I thank the noble Lord for raising a very interesting point, which we will all take away and consider in detail before attempting to reply in detail. It is genuinely an interesting issue. One key aspect of Section 42 is the fact that it imports into service law any offence that is also an offence in civilian criminal law. That is extremely important when service personnel are serving abroad and commit civilian criminal offences that the civilian courts here do not have the power to deal with. I thank the noble Lord for raising a very important point.

My Lords, I thank the Minister for her Answer. The concept of a very serious offence like murder not being tried by jury has made many of us uncomfortable. I am delighted that there will be a full review. I hope that there will be full consultation and that a wide variety of people will be involved, and I hope that the review will look at the particular problem of the boundary between murder and soldiers lawfully killing the Queen’s enemies. As we know, those have presented some of the most difficult cases over the years, and I hope that they will be included in the review, which I welcome.

I thank the noble Lord for his question. On the consultation process, the Government’s aim is that the service justice system mirrors, where possible, the provisions of the civilian criminal justice system. When the maintenance of operational effectiveness across the Armed Forces requires it, there may be differences from that system.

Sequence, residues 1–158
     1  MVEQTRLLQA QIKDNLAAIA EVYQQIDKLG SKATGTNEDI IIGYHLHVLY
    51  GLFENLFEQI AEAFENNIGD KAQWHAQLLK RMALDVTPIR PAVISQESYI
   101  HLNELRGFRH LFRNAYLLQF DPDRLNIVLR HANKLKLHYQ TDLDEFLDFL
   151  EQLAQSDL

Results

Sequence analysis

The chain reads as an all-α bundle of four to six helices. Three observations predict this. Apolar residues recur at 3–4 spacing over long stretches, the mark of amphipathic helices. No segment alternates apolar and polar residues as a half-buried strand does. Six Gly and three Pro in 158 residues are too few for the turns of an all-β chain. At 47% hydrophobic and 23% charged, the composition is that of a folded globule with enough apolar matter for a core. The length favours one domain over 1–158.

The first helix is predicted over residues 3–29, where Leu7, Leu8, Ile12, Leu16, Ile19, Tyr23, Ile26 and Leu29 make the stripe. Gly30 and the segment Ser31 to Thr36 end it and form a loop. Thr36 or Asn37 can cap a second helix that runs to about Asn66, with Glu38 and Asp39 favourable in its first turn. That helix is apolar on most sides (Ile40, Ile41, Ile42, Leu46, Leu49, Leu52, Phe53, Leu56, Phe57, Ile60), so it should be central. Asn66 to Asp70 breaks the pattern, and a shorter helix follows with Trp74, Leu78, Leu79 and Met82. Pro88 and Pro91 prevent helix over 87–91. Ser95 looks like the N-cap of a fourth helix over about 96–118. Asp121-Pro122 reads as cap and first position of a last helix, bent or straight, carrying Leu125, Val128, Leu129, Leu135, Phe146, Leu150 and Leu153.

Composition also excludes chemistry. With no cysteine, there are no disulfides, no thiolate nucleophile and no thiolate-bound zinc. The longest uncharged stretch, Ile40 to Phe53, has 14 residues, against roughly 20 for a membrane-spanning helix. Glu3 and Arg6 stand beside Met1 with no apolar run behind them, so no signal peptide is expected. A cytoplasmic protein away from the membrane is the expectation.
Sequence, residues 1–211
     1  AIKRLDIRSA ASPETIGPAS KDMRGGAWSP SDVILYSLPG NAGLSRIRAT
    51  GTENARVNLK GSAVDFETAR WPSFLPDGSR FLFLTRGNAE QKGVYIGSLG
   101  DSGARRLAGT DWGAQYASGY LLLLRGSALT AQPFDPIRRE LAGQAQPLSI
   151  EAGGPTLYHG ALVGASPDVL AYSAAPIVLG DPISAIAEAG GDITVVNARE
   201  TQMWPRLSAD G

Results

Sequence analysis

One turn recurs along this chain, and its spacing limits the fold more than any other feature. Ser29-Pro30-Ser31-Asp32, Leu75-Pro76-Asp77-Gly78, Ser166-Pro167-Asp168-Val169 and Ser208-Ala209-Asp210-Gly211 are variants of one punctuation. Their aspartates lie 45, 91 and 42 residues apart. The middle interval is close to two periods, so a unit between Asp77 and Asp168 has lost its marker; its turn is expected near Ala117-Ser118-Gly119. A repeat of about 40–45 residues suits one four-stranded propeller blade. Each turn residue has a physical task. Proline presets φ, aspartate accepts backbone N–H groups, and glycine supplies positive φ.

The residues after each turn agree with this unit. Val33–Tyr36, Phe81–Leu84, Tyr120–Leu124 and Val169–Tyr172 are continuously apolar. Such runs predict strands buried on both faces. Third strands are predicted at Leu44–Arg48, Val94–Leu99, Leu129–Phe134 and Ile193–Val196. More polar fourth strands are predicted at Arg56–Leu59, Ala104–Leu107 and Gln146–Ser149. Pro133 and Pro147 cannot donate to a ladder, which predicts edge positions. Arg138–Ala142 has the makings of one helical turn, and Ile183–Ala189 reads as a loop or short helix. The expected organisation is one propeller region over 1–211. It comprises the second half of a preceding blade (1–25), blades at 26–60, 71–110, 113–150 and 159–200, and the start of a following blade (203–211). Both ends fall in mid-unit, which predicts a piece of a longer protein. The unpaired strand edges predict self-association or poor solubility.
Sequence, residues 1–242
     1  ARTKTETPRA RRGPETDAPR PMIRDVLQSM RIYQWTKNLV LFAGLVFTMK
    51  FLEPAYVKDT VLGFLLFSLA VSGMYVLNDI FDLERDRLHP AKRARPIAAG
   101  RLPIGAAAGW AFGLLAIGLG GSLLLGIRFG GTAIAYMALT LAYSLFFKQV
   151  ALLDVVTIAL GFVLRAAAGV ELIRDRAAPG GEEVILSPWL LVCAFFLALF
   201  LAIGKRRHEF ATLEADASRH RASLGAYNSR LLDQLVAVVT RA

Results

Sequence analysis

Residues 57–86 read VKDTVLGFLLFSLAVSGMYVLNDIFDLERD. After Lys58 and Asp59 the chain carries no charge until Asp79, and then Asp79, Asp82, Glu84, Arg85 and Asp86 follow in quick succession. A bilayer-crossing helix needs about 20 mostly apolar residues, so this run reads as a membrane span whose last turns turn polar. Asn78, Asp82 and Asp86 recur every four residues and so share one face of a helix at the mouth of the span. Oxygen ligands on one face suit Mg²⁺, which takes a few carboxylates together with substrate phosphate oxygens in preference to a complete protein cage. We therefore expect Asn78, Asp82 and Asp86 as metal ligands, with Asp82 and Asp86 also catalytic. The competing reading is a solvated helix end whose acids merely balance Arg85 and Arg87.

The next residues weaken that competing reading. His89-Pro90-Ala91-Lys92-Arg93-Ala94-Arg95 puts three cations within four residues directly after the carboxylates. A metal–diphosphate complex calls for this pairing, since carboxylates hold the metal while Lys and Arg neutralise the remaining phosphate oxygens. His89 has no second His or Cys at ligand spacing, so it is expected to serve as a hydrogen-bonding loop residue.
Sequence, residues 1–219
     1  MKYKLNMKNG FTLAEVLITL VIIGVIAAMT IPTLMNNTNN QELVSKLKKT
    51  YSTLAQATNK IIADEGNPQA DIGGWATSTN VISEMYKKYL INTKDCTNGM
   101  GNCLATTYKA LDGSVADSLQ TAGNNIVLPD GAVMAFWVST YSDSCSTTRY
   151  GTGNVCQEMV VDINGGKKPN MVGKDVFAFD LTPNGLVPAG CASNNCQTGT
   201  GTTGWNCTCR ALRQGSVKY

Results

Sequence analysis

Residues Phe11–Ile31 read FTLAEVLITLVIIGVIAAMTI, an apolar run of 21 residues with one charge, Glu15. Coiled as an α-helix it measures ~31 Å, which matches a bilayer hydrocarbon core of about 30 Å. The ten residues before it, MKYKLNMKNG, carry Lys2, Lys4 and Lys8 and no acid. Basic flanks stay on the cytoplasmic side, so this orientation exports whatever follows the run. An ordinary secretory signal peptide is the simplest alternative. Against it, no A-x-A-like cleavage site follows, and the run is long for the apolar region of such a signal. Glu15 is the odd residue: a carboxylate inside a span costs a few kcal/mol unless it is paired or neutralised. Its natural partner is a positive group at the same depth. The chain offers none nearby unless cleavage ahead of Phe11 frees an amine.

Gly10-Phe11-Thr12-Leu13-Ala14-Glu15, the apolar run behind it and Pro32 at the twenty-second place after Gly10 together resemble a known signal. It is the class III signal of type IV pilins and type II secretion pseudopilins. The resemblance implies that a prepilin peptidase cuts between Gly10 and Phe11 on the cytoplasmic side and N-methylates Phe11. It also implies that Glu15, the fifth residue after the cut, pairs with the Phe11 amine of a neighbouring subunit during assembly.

We are not conducting a public consultation but trying to ensure that the system is tweaked, if it needs tweaking, to ensure that we are in the best possible state to be in for the 21st century. But that does not preclude any interested parties from making representations to the Government on these issues, as and when they think it appropriate. The noble Lord raises a point that he might wish to consider presenting to the Government.

Given the intention of the Government to allow service on a part-time basis, would the military or civil police investigate an alleged crime committed by an individual while he was on his break from full-time service?

The noble and gallant Lord raises an interesting technical point. I am not sufficiently sure of my legal knowledge to respond to it with authority. Perhaps he would leave me to look at that and revert to him.

Should the Government not have a care that there is a danger in civilianising the military system, which has worked well over the years—and have a care also that the military will be judged in a civilian way, when civilians have no knowledge of military procedure or the military system in battle?

I reassure the noble Viscount that, as he is aware, a protocol is in existence between service and civilian prosecutors which recognises that some cases are more appropriately dealt with in the service system and some are more appropriately dealt with in the civilian system, particularly those with civilian victims. The protocol recognises that any offence can be dealt with by the service authorities. The main principle in deciding who acts is whether the offence has any civilian context, particularly a civilian victim.